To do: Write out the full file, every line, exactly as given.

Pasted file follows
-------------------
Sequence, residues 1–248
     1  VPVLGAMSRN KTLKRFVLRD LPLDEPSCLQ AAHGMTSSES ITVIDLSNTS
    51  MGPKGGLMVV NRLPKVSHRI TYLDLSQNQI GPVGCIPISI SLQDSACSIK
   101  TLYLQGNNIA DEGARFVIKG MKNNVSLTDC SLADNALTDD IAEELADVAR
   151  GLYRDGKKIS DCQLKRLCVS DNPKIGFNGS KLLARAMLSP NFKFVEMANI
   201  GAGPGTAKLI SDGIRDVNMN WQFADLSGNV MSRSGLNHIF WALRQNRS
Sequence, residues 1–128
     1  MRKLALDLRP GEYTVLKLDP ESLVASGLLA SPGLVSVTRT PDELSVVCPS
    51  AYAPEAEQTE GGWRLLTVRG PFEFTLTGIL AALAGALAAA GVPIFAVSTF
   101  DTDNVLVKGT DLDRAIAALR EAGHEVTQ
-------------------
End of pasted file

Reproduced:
Sequence, residues 1–248
     1  VPVLGAMSRN KTLKRFVLRD LPLDEPSCLQ AAHGMTSSES ITVIDLSNTS
    51  MGPKGGLMVV NRLPKVSHRI TYLDLSQNQI GPVGCIPISI SLQDSACSIK
   101  TLYLQGNNIA DEGARFVIKG MKNNVSLTDC SLADNALTDD IAEELADVAR
   151  GLYRDGKKIS DCQLKRLCVS DNPKIGFNGS KLLARAMLSP NFKFVEMANI
   201  GAGPGTAKLI SDGIRDVNMN WQFADLSGNV MSRSGLNHIF WALRQNRS
Sequence, residues 1–128
     1  MRKLALDLRP GEYTVLKLDP ESLVASGLLA SPGLVSVTRT PDELSVVCPS
    51  AYAPEAEQTE GGWRLLTVRG PFEFTLTGIL AALAGALAAA GVPIFAVSTF
   101  DTDNVLVKGT DLDRAIAALR EAGHEVTQ